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We examine the implications of shape on the process of finding dense correspondence and halfocclusions for a stereo pair of images. The desired property of the disparity map is that it should be a piecewise continuous function which is consistent with the images and which has the minimum number of discontinuities. To zeroth order, piecewise continuity becomes piecewise constancy. Using this approximation, we first discuss an approach for dealing with such a frontoparallel shapeless world, and the problems involved therein. We then introduce horizontal and vertical slant to create a first order approximation to piecewise continuity. In particular, we emphasize the following geometric fact: a horizontally slanted surface (i.e., having depth variation in the direction of the separation of the two cameras) will appear horizontally stretched in one image as compared to the other image. Thus, while corresponding two images, N pixels on a scanline in one image may correspond to a different number of pixels M in the other image. This leads to three important modifications to existing stereo algorithms: (a) due to unequal sampling, existing intensity matching metrics must be modified, (b) unequal numbers of pixels in the two images must be allowed to correspond to each other, and (c) the uniqueness constraint, which is often used for detecting occlusions, must be changed to an interval uniqueness constraint. We also discuss the asymmetry between vertical and horizontal slant, and the central role of nonhorizontal edges in the context of vertical slant. Using experiments, we discuss cases where existing algorithms fail, and how the incorporation of these new constraints provides correct results. 1.
A layered stereo matching algorithm using image segmentation and global visibility constraints
, 2005
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Regionbased progressive stereo matching
 In Conference on Computer Vision and Pattern Recognition
, 2004
"... A novel regionbased progressive stereo matching algorithm is presented. It combines the strengthes of previous regionbased and progressive approaches. The progressive framework avoids the time consuming global optimization, while the inherent problem, the sensitivity to early wrong decisions, is s ..."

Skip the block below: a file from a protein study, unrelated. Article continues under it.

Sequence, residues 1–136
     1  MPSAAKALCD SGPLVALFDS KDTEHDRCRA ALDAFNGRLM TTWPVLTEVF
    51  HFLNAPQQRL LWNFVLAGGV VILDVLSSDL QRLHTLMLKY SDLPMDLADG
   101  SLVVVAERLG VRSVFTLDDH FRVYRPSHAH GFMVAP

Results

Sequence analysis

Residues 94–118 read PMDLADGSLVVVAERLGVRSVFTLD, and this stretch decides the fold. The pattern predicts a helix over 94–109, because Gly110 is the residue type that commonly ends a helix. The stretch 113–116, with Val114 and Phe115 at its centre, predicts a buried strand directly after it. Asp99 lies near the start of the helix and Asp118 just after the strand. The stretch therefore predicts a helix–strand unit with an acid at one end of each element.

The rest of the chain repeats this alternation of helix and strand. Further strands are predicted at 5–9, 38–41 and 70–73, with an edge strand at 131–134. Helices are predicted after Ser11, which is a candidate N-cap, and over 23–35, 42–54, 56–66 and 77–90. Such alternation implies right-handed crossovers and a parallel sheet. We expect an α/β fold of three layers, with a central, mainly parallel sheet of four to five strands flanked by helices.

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Cited by 34 (1 self)
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A novel regionbased progressive stereo matching algorithm is presented. It combines the strengthes of previous regionbased and progressive approaches. The progressive framework avoids the time consuming global optimization, while the inherent problem, the sensitivity to early wrong decisions, is significantly alleviated via the regionbased representation. A growinglike process matches the regions progressively using a global bestfirst strategy based on a cost function integrating disparity smoothness and visibility constraint. The performance on standard evaluation platform using various real images shows that the algorithm is among the stateoftheart both in accuracy and efficiency. 1.
Stereo correspondence with slanted surfaces: Critical implications of horizontal slant
 In Proc. CVPR
, 2004
"... We examine the stereo correspondence problem in the presence of slanted scene surfaces. In particular, we highlight a previously overlooked geometric fact: a horizontally slanted surface (i.e. having depth variation in the direction of the separation of the two cameras) will appear horizontally stre ..."
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Cited by 33 (4 self)
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We examine the stereo correspondence problem in the presence of slanted scene surfaces. In particular, we highlight a previously overlooked geometric fact: a horizontally slanted surface (i.e. having depth variation in the direction of the separation of the two cameras) will appear horizontally stretched in one image as compared to the other image. Thus, while corresponding two images, N pixels on a scanline in one image may correspond to a different number of pixels M in the other image. This leads to three important modifications to existing stereo algorithms: (a) due to unequal sampling, intensity matching metrics such as the popular BirchfieldTomasi procedure must be modified, (b) unequal numbers of pixels in the two images must be allowed to correspond to each other, and (c) the uniqueness constraint, which is often used for detecting occlusions, must be changed to a 3D uniqueness constraint. This paper discusses these new constraints and provides a simple scanline based matching algorithm for illustration. We experimentally demonstrate test cases where existing algorithms fail, and how the incorporation of these new constraints provides correct results. Experimental comparisons of the scanline based algorithm with standard data sets are also provided. 1.